History Wars World War II

World War II Army veteran receives French Legion of Honor

“I’m not accepting it for myself, but for the men that didn’t make it."
Nicholas Slayton Avatar
Army veteran John Gojmerac (right) received the Legion of Honor from Jérémie Robert, the Consul General of France in New York. (U.S. Army photo by Sgt. William Griffen)

Nearly eight decades after fighting his way through North Africa, Italy, France and Germany, a retired Army soldier received one last award. Not an American military one, but a French one. This past week John Gojermac was given France’s highest award for his services during World War.

Gojmerac was honored at the Veterans of Foreign Wars post in Tonawanda, NY on Friday, Oct. 20. The ceremony included tributes to him from his family. Jérémie Robert, France’s consul general for New York, presented the 99-year-old veteran with the medal for the Knight of the Legion of Honor. The Legion of Honor, with five distinctions, is the highest award France can give to anyone, military or otherwise. 

Gojmerac himself is not French, but he did fight to help liberate the country from Nazis. John Gojmerac was born in Slovenia and his family moved to the United States when he was 14. When he turned 18 he was drafted, although at the time he said he was not an American citizen. Gojmerac was assigned to the 3rd Infantry Division, 7th Infantry Regiment, and sent to North Africa as a replacement soldier. 

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His older brother was drafted as well. The older Gojmerac did not see combat; he was a cook initially, before being sent to Hawaii for deployment in combat in the Pacific, but the war ended before he saw a battle.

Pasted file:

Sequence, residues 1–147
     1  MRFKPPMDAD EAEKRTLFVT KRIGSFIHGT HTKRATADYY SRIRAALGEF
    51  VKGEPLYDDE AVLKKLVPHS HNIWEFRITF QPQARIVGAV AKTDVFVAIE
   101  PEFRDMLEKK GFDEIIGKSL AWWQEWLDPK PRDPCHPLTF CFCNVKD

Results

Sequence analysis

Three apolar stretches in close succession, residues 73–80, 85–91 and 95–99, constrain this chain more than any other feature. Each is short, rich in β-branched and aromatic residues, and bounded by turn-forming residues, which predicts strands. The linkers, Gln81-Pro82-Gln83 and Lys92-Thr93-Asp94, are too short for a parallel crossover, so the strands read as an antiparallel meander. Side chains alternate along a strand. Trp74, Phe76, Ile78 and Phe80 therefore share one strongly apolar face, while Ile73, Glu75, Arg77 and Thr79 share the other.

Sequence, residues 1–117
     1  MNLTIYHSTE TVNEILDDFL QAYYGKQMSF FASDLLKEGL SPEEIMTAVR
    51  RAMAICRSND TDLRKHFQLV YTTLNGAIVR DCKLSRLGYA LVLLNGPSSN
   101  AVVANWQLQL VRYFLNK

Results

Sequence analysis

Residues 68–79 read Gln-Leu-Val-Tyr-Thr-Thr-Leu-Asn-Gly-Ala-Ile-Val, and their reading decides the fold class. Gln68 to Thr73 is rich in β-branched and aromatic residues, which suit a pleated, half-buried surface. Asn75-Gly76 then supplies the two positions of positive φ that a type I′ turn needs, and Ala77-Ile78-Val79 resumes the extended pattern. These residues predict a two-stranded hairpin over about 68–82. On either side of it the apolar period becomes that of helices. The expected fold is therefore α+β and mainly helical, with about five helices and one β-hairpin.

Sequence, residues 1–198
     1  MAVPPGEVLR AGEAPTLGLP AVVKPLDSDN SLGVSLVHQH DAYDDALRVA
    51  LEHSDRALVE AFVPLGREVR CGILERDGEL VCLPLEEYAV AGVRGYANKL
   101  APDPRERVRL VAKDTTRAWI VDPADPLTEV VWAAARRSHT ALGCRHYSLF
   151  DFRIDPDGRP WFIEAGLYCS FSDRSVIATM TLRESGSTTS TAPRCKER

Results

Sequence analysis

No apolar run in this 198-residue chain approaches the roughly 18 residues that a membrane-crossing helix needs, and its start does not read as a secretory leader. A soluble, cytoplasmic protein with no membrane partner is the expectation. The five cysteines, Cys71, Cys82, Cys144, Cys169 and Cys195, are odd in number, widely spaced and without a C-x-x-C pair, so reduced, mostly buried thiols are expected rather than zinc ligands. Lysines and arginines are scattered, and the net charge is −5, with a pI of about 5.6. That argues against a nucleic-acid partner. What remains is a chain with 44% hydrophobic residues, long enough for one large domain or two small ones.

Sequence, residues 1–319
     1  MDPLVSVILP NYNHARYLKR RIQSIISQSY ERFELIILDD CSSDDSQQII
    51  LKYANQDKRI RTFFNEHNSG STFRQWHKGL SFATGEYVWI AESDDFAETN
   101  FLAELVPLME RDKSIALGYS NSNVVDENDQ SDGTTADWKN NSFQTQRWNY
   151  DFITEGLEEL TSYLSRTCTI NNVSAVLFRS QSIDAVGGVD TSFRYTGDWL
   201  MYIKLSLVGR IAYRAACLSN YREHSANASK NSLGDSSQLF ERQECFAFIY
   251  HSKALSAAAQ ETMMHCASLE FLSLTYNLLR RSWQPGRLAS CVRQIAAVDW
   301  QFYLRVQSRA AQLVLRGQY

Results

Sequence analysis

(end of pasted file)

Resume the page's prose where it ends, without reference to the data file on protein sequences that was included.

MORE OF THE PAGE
A map laid out at the Frontiersmen VFW Post 7545, where he received the French award, shows the path Gojmerac took through Africa and Europe. Gojmerac’s daughter and grandson, the latter of whom lives in France, put his name forward to France for the Legion of Honor. 

“I’m not accepting it for myself, but for the men that didn’t make it,” Gojmerac said when receiving the Legion of Honor award. 

Although it has been more than 75 years since the end of the war, Gojmerac has a strong memory of his time in the Army. A decade ago he recounted several battles and experiences in the Buffalo News, including heavy fighting in Anzio, Italy. When in France, he worked in part as a telephone line repairman, laying and fixing cables to maintain communication between units. He also served as a scout. He earned a Silver Star for his work fixing a communications line several times during a battle, despite great personal risk to himself, even capturing a German saboteur in the middle of the firefight. 

During his time with the 3rd Infantry Division, Gojmerac was wounded three times. The final time had him sent to a French hospital, where he remained until Germany surrendered. 

“How I survived […] it makes me wonder sometimes,” Gojmerac said at the ceremony on Friday. said as he reflected on his experience in combat.

Gojmerac left the service at the end of the war, retiring as a tech corporal. During his time in the Army, he earned both a Bronze and Silver Star, a Purple Heart, Combat Infantryman Badge, as well as four campaign ribbons and a Presidential Unit Citation. Now he can add the Legion of Honor to that.  

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